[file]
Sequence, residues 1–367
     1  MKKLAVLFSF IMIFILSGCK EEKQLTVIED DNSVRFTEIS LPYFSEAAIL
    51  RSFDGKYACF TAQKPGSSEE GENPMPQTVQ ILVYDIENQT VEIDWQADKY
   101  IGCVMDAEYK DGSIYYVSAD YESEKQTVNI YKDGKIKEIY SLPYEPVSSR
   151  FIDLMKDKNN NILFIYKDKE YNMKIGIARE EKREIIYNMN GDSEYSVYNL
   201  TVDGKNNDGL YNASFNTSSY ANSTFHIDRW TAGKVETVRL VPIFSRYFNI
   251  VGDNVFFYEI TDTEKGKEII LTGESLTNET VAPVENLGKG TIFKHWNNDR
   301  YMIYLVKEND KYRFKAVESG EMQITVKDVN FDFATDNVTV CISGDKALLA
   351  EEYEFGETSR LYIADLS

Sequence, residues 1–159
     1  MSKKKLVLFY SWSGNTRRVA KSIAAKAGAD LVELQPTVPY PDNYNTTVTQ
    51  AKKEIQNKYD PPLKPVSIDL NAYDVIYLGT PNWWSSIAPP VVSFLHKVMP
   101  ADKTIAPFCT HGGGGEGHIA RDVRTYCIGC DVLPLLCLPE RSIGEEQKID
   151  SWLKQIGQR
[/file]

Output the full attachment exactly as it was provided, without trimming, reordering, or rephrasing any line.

Sequence, residues 1–367
     1  MKKLAVLFSF IMIFILSGCK EEKQLTVIED DNSVRFTEIS LPYFSEAAIL
    51  RSFDGKYACF TAQKPGSSEE GENPMPQTVQ ILVYDIENQT VEIDWQADKY
   101  IGCVMDAEYK DGSIYYVSAD YESEKQTVNI YKDGKIKEIY SLPYEPVSSR
   151  FIDLMKDKNN NILFIYKDKE YNMKIGIARE EKREIIYNMN GDSEYSVYNL
   201  TVDGKNNDGL YNASFNTSSY ANSTFHIDRW TAGKVETVRL VPIFSRYFNI
   251  VGDNVFFYEI TDTEKGKEII LTGESLTNET VAPVENLGKG TIFKHWNNDR
   301  YMIYLVKEND KYRFKAVESG EMQITVKDVN FDFATDNVTV CISGDKALLA
   351  EEYEFGETSR LYIADLS

Sequence, residues 1–159
     1  MSKKKLVLFY SWSGNTRRVA KSIAAKAGAD LVELQPTVPY PDNYNTTVTQ
    51  AKKEIQNKYD PPLKPVSIDL NAYDVIYLGT PNWWSSIAPP VVSFLHKVMP
   101  ADKTIAPFCT HGGGGEGHIA RDVRTYCIGC DVLPLLCLPE RSIGEEQKID
   151  SWLKQIGQR